Global Warming 101 (1 of 5) – The Greenhouse Effect

Few things these days are as heavily discussed and as easily misunderstood as Global Warming and Climate Change. This series of sessions will seek to present the fundamentals of the theory of manmade global warming and why action related to it is so important. Before getting into some of the details, itís worth reviewing the basics of the manmade global warming theory. We know that the Earth has been around for more than 4.5 billion years and that, at any given time, the Earthís climate is subjected to multiple natural forcings, from changes in our orbit around the Sun to volcanic eruptions. As a result, we know that the climate experiences many natural variation cycles, with both colder and warmer conditions. Examining Earthís history, we know that these cycles have periodically encountered tipping points, resulting in the global environment reaching extreme conditions ranging from a planet largely covered in ice one on end to having tropical temperatures at the planetís poles at the other. Global warming theory is based on the introduction of a new forcing based on human activities driving up the atmospheric levels of greenhouse gases.

These increased levels increase the Earthís greenhouse effect, impacting the global climate. Unmitigated, this new human forcing may cross one or more of the climateís tipping points making mitigation actions irrelevant. But how important is the greenhouse effect? And, specifically, how important is carbon dioxide to that effect? By this point youíve likely seen many depictions of how the greenhouse effect operates. Light from the Sun reaches the Earth and penetrates the Earthís atmosphere. Some of this light is reflected back into space. Some of it is radiated away from the Earthís surface as infrared heat. Certain gases in the atmosphere trap some of this heat near the Earthís surface, keeping the Earth temperate. But how important is this greenhouse effect? Looking at this diagram, itís easy to conclude that the Sun is the primary determination of Earthís climate. Our planet is dwarfed thousands of times over by our resident star. Well, if the Sun is the deciding factor of Earthís climate, it should be even more so for Mercury.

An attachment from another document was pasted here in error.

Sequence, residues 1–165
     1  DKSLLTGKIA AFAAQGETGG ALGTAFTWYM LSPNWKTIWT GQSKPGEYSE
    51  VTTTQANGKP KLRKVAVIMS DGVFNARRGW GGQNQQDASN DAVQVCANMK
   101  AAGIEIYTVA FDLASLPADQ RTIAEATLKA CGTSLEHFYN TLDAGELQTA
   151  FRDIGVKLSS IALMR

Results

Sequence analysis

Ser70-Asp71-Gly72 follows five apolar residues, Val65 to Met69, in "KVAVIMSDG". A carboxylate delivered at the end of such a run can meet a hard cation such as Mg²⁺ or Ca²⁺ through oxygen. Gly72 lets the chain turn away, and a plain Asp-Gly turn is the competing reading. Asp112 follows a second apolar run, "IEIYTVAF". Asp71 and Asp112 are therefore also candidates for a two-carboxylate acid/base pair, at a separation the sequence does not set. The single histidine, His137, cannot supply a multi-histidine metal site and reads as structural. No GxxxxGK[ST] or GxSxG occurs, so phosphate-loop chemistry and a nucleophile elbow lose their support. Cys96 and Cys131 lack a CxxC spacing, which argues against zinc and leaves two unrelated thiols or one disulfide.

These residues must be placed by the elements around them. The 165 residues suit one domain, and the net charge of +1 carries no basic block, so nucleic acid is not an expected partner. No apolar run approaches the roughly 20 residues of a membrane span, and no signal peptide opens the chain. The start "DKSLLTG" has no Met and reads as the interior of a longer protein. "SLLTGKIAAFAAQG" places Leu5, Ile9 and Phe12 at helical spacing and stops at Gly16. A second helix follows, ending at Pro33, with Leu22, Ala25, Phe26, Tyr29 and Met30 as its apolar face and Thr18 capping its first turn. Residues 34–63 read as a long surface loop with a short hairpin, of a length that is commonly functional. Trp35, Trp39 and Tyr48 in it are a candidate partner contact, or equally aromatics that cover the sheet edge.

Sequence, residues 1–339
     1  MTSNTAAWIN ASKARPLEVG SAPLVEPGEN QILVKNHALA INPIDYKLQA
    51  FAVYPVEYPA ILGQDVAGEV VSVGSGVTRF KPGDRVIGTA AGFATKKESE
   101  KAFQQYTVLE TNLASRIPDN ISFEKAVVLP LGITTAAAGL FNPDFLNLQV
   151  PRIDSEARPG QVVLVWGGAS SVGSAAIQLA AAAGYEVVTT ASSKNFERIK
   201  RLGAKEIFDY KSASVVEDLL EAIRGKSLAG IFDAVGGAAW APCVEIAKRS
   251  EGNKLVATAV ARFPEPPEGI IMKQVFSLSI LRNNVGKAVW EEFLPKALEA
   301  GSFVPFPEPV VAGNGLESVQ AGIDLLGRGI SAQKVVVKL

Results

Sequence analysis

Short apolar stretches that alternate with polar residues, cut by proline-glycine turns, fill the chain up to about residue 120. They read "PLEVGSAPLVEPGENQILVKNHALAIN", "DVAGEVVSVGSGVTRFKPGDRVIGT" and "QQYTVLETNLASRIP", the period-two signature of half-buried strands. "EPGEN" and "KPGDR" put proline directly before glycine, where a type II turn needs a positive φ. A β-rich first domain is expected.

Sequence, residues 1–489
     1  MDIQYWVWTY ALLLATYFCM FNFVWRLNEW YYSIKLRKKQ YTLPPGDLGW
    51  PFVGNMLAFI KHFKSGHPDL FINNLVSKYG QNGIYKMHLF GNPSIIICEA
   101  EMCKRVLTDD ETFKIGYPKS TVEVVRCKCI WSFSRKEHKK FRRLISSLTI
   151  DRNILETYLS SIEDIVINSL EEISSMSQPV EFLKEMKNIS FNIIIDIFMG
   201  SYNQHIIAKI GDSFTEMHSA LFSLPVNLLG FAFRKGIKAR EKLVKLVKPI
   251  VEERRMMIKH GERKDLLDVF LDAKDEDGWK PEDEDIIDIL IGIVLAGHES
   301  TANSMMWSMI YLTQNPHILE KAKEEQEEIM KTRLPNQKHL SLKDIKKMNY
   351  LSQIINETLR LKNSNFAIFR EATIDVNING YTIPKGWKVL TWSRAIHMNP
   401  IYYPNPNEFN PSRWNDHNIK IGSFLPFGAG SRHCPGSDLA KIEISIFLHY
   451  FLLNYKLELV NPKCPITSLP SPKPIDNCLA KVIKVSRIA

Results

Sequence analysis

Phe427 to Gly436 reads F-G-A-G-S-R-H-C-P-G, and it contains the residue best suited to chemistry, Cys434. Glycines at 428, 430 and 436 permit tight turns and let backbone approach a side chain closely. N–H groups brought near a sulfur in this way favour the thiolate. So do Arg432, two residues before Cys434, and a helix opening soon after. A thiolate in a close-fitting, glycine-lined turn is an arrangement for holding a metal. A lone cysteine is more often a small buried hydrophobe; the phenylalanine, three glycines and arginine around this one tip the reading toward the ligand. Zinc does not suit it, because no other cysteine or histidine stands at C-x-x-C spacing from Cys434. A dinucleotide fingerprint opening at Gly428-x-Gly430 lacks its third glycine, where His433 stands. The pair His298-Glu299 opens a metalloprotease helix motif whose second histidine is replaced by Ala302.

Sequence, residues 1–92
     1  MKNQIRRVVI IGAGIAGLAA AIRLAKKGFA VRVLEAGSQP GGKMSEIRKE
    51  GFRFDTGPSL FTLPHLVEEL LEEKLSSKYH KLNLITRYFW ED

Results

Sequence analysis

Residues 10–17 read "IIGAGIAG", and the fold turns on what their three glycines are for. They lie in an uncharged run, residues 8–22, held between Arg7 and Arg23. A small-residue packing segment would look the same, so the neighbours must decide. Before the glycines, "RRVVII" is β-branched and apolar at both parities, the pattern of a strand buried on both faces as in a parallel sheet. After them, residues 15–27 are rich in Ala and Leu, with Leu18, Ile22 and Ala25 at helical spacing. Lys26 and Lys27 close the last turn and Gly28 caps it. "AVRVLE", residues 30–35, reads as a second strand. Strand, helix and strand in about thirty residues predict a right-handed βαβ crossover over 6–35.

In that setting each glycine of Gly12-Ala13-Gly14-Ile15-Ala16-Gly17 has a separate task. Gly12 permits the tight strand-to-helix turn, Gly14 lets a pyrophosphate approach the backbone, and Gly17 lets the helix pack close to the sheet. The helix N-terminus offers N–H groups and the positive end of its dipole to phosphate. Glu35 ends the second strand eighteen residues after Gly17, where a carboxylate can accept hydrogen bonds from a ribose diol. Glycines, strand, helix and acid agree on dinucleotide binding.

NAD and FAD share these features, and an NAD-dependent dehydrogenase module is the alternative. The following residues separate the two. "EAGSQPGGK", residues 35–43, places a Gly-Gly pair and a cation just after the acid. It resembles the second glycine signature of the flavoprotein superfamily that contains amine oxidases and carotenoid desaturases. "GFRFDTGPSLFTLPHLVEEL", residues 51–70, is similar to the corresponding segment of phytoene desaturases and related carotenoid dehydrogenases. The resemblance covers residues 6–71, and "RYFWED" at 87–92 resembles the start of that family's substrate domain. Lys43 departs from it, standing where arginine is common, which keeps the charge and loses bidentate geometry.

After all, Mercury is the planet closest to the Sun, and itís dwarfed even more than the Earth by the Sunís massive size. So, letís take a closer look at these two planets. As you can see Mercury is over 2 Ω times closer to the Sun than the Earth and is over 2 Ω times smaller than the Earth in diameter. Then consider the relative temperatures on the two planets. As the planet closest to the Sun, the average maximum temperature on Mercury reaches a scorching 800 deg F. However, with no notable atmosphere and greenhouse effect to moderate its climate, the average minimum temperature on Mercury can plummet to -280 deg F, more than a one thousand degree temperature swing and much colder than any place on Earth. Now letís do a similar comparison, but a little closer to home. Letís examine Earthís own moon. Similar to Mercury, our moon lacks its own atmosphere and greenhouse effect. Consequently, despite being about the same distance from the Sun, the moonís temperature swings 500 degrees reaching temperatures both much hotter and much colder than those experienced here on Earth.